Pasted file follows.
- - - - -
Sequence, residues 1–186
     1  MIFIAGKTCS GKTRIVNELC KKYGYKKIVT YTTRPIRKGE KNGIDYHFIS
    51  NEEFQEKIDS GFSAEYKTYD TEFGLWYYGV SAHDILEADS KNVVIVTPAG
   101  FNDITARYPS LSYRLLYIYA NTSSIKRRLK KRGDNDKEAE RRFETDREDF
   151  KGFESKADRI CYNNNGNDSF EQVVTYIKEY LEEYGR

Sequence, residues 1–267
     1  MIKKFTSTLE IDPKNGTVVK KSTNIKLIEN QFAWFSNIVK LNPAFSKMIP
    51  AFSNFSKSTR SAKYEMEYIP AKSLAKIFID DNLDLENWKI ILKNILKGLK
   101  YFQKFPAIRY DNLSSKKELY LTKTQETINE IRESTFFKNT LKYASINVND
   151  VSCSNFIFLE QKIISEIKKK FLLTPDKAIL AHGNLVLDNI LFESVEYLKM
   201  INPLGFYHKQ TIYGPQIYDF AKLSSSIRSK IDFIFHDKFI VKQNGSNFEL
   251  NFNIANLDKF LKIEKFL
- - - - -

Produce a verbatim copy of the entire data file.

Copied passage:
Sequence, residues 1–186
     1  MIFIAGKTCS GKTRIVNELC KKYGYKKIVT YTTRPIRKGE KNGIDYHFIS
    51  NEEFQEKIDS GFSAEYKTYD TEFGLWYYGV SAHDILEADS KNVVIVTPAG
   101  FNDITARYPS LSYRLLYIYA NTSSIKRRLK KRGDNDKEAE RRFETDREDF
   151  KGFESKADRI CYNNNGNDSF EQVVTYIKEY LEEYGR

Sequence, residues 1–267
     1  MIKKFTSTLE IDPKNGTVVK KSTNIKLIEN QFAWFSNIVK LNPAFSKMIP
    51  AFSNFSKSTR SAKYEMEYIP AKSLAKIFID DNLDLENWKI ILKNILKGLK
   101  YFQKFPAIRY DNLSSKKELY LTKTQETINE IRESTFFKNT LKYASINVND
   151  VSCSNFIFLE QKIISEIKKK FLLTPDKAIL AHGNLVLDNI LFESVEYLKM
   201  INPLGFYHKQ TIYGPQIYDF AKLSSSIRSK IDFIFHDKFI VKQNGSNFEL
   251  NFNIANLDKF LKIEKFL